The Bitcoin price has surged in value since the beginning of November. Since the beginning of the month, the value of the cryptocurrency has jumped 17% in dollar terms. It’s up around 16% in sterling.
Following this performance, the crypto asset has achieved one of the best performance of all financial assets this year. Since the beginning of the year, the Bitcoin price has increased by 125%.
After this growth, many investors have bought into the product anticipating further gains. However, I’m still not interested in buying the cryptocurrency. There are several reasons why I plan to stay away for the foreseeable future.
What’s in store for the Bitcoin price
The most prominent reason why I’m not rushing to buy is uncertainty. The total market capitalisation of Bitcoin is nearly $300bn, but I can’t really work out what that means.
It’s the total value of all Bitcoin in circulation, although as the cryptocurrency does not produce any cash flow or have any physical presence at all, I’m not really sure what I would achieve owning one.
Indeed, the Bitcoin price is only really worth as much as other investors are willing to pay for it. As such, if the market for the cryptocurrency were to suddenly disappear, its worth would likely drop to zero as there would be no way of telling how much others would be willing to pay.
Instead, I’d rather own stocks and shares. There are a couple of reasons why I’d rather own these assets over Bitcoin. For a start, it’s a lot easier to work out how much individual companies are worth. An enterprise or asset that produces goods or services, or provides shelter (such as a house), generates cash flow and will always be worth something.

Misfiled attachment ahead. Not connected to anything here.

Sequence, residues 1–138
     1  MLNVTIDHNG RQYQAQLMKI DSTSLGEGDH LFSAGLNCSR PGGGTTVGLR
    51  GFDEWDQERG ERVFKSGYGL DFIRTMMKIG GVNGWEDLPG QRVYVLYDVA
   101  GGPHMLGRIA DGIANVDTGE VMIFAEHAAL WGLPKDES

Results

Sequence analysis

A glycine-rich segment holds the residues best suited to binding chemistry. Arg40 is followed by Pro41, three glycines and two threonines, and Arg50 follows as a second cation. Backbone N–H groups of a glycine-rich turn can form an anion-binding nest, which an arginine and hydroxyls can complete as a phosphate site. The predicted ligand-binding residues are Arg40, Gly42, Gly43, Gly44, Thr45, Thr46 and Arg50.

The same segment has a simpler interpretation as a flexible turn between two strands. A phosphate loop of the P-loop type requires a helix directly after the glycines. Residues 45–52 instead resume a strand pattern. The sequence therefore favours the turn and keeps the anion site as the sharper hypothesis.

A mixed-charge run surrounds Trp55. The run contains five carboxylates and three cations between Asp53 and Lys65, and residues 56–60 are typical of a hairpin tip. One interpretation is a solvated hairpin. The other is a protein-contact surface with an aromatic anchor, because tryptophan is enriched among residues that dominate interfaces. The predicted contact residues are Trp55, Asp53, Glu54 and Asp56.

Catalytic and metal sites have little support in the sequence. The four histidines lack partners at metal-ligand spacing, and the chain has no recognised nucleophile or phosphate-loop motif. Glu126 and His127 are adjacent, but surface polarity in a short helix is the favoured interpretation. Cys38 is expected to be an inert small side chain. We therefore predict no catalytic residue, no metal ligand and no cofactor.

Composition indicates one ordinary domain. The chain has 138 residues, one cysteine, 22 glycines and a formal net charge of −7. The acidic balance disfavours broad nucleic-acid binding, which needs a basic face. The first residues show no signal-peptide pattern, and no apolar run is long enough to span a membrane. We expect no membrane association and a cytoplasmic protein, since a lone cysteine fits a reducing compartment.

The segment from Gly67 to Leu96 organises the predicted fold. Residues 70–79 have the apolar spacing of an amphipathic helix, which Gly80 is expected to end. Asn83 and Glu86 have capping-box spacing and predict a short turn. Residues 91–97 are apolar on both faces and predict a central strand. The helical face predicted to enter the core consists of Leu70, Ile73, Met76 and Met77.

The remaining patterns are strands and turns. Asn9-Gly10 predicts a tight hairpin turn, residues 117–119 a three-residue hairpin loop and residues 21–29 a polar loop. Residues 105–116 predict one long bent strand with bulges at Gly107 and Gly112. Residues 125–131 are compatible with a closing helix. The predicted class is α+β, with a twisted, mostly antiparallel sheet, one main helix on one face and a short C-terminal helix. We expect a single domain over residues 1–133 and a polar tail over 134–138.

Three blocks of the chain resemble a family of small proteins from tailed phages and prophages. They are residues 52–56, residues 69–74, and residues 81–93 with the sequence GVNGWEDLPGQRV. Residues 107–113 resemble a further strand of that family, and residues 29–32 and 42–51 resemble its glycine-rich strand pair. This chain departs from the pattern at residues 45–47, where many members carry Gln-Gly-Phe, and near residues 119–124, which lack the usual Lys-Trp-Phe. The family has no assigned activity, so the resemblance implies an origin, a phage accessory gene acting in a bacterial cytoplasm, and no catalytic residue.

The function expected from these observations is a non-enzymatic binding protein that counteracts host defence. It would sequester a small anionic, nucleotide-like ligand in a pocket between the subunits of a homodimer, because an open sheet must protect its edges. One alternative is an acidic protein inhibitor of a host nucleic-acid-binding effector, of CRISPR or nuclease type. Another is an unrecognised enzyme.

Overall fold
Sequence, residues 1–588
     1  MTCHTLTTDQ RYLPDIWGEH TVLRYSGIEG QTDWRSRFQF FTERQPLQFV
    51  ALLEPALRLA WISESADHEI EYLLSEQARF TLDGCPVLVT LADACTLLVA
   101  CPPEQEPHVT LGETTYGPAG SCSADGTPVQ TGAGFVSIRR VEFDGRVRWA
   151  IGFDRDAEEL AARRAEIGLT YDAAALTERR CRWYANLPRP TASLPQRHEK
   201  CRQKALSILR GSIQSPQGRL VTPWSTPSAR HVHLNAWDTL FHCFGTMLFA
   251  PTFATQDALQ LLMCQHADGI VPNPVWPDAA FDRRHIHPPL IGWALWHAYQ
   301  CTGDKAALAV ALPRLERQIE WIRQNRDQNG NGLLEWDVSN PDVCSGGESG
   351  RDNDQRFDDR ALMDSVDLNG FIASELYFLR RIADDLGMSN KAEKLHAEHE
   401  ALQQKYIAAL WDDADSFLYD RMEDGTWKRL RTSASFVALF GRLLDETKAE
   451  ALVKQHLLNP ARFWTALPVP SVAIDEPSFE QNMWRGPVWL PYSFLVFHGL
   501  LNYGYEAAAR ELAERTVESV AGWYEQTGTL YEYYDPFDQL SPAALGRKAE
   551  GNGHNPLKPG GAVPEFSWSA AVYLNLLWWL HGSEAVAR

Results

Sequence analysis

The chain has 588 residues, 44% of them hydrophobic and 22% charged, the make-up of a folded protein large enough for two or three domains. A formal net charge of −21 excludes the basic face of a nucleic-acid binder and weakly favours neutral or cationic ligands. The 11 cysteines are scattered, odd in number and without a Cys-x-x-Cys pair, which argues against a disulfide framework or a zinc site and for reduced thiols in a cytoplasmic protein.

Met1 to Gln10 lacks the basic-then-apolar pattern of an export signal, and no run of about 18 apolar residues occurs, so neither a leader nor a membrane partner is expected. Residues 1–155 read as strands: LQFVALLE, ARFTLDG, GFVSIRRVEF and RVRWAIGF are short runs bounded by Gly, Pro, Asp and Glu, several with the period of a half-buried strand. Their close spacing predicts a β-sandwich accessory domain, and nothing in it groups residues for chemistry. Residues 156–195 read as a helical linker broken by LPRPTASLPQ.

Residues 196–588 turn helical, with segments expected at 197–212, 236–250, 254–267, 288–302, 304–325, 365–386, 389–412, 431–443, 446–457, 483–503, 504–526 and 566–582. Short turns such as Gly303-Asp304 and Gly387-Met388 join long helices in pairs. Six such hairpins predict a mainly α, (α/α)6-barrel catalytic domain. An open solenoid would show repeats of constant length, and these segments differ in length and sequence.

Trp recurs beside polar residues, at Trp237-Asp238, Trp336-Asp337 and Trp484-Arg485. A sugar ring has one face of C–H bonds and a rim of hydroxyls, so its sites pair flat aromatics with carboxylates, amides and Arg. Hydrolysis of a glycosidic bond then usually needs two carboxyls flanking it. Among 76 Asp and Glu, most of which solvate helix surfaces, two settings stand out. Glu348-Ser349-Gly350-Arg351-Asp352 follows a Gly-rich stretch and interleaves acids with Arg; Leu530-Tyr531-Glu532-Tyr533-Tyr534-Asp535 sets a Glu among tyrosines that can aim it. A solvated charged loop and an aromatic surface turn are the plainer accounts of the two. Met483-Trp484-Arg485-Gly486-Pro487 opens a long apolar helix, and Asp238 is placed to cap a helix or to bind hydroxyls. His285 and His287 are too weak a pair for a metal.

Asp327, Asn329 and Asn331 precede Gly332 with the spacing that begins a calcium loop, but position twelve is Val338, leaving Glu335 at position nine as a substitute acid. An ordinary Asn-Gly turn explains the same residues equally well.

What’s more, these assets have certain investor protections. And the world’s financial infrastructure is extremely well developed.
A better buy
The reasons above are why I’m concentrating on stocks and shares rather than Bitcoin. I want to own high-quality blue-chip stocks that provide a valuable service or product that customers want or need, such as pharmaceutical businesses or utility providers.
A great example is utility provider United Utilities. This company provides water and wastewater services for a large section of the UK. Therefore, I believe it has a more sustainable long term future than the Bitcoin price as consumers will always need access to fresh water.
Another example is AstraZeneca. This company is fast becoming one of the world’s largest developers and producers of cancer medication. Once again, these are the sorts of products that are always likely to have a market, so I think the business has a much more sustainable and predictable outlook that the cryptocurrency.
All in all, while Bitcoin has been a profitable asset to own this year, I’m still not convinced that it’s going to be a better investment than high-quality stocks and shares in the long run.
Rupert Hargreaves has no position in any of the shares mentioned. The Motley Fool UK has no position in any of the shares mentioned. Views expressed on the companies mentioned in this article are those of the writer and therefore may differ from the official recommendations we make in our subscription services such as Share Advisor, Hidden Winners and Pro. Here at The Motley Fool we believe that considering a diverse range of insights makes us better investors.